OUR THOUGHTS ON:

Tax Reform Bill Includes Extension of Time to Repay Retirement Plan Loans

401(k) Plans|Tax Reform

By Miles Gibson

With sweeping tax reform going into full effect last month, many 401(k) participants are wondering how and if their plans will be affected. The answer to that question is: not much. The biggest news for 401(k) owners with regard to the new tax laws is the extension of payback dates on outstanding loans.

Prior to the tax reform bill, participants who’d left employment with an outstanding loan were expected to pay off the balance within 60 days of separation or face a 10% withdrawal penalty and have the distribution be considered taxable income. The new bill provides a greater window, as individuals now have until the filing deadline of their individual tax return to avoid the tax consequences of a “deemed distribution.” For example, if an employee is terminated today with an outstanding loan, he or she would have until April 15, 2019, to pay it back, or October 15, 2019, if an extension is requested.

The new law benefits both employees and employers. Extending the loan repayment deadline gives participants more time to pay off outstanding loans and, more importantly, incentivizes an employee to take out a loan rather than process a hardship withdrawal, which incurs both a withdrawal expense and a taxable distribution subject to penalty. The tax reform is also good news for employers since it ultimately reduces the leakage of funds in 401(k) plans.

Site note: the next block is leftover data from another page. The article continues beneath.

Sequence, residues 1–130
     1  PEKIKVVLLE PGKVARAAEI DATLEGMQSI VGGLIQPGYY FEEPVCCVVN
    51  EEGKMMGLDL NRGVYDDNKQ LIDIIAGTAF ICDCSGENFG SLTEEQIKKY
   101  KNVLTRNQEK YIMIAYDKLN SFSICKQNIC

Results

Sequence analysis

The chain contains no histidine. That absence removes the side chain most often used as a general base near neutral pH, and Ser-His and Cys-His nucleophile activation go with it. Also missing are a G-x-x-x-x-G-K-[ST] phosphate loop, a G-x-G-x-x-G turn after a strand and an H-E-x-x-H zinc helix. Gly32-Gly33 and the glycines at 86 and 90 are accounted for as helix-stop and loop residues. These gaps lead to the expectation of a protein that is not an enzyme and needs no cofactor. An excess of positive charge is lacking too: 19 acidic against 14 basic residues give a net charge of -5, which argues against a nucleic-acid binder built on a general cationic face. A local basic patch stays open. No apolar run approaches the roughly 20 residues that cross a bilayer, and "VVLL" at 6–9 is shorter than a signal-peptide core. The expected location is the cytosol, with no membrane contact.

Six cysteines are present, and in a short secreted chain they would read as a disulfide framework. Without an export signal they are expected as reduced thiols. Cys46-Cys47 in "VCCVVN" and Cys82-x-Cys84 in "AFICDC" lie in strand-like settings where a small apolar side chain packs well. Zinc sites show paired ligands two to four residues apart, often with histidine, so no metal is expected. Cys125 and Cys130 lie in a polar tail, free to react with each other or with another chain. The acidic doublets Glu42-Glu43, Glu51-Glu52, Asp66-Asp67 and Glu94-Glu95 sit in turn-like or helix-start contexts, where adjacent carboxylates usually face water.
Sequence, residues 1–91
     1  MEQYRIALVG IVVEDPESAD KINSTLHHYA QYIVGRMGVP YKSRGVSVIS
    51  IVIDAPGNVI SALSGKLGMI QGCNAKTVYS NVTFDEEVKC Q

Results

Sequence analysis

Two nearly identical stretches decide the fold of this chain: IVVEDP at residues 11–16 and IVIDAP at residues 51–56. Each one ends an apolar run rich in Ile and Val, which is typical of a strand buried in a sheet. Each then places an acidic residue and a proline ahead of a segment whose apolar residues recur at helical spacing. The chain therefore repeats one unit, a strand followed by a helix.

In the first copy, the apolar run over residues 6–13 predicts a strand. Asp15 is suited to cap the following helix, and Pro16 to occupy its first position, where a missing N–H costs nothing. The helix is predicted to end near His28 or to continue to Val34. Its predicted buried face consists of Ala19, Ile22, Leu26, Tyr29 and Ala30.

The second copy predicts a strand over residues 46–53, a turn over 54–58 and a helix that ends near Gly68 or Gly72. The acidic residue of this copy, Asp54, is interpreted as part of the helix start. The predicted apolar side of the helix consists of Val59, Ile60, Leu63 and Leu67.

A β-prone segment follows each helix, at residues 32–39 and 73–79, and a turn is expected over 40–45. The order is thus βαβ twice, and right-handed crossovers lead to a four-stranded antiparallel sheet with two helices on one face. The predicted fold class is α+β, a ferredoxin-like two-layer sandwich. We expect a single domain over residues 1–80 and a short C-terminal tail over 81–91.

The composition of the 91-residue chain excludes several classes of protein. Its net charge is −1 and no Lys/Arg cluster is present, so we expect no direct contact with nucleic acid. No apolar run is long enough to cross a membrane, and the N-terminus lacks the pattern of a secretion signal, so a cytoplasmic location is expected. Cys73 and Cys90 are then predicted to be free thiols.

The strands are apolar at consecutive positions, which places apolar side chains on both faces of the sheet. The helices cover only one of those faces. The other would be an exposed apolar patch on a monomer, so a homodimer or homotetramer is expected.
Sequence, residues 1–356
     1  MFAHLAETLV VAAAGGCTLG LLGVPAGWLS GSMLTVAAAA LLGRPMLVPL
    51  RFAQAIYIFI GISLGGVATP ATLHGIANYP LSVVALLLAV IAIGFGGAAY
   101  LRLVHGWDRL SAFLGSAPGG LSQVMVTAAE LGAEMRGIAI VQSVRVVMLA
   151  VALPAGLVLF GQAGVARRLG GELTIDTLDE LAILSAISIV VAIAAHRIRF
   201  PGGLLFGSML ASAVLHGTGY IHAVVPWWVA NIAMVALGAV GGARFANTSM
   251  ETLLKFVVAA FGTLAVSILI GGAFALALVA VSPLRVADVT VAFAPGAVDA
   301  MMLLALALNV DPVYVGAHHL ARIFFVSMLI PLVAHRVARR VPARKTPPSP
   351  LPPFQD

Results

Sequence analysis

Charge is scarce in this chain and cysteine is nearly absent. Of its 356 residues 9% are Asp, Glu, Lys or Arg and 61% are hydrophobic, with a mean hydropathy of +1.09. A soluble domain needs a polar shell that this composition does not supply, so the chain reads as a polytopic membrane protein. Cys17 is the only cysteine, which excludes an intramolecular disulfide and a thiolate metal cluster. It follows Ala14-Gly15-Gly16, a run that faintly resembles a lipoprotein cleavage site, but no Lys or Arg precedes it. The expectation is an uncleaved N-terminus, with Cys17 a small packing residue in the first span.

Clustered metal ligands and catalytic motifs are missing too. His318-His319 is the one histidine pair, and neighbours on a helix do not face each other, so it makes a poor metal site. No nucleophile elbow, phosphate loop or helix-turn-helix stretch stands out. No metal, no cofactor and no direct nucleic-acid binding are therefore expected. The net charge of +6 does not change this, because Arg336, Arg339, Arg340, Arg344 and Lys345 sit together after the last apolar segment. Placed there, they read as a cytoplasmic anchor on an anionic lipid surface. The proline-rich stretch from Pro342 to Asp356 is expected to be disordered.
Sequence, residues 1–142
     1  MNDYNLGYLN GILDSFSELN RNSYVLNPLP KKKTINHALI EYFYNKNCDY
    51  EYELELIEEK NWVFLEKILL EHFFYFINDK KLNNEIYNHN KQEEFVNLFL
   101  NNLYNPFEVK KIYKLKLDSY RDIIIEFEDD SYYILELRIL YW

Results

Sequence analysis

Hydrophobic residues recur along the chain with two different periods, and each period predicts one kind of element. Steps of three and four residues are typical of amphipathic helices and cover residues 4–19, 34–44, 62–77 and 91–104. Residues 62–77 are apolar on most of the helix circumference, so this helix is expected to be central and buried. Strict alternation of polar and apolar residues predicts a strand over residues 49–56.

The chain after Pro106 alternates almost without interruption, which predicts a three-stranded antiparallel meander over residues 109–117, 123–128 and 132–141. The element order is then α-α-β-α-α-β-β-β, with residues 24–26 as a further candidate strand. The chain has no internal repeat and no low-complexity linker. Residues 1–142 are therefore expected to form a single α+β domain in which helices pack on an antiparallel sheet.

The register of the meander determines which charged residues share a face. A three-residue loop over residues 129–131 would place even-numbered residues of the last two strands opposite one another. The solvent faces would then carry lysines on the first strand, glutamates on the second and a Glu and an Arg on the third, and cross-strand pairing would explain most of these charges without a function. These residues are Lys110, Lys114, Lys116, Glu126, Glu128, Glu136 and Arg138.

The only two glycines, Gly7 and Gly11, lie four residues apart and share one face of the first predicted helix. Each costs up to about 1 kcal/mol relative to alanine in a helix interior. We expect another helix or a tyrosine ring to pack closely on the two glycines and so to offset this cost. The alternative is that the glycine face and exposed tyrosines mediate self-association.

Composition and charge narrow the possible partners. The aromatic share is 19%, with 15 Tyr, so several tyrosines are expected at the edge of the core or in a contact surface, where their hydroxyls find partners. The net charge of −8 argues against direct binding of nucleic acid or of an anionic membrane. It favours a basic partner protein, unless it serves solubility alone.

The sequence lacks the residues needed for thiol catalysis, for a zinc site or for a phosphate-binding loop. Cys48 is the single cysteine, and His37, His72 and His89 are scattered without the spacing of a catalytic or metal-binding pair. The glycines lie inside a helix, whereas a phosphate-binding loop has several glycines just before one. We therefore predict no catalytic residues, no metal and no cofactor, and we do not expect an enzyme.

For more information on the payment extension of retirement plan loans, please contact us.  Visit the Our Thoughts On...blog to read similar articles.  

Material discussed is meant for informational purposes only, and it is not to be construed as investment, tax, or legal advice. Please note that individual situations can vary. Therefore, this information should be relied upon when coordinated with individual professional advice.

© 2018 Schneider Downs. All rights-reserved. All content on this site is property of Schneider Downs unless otherwise noted and should not be used without written permission.

comments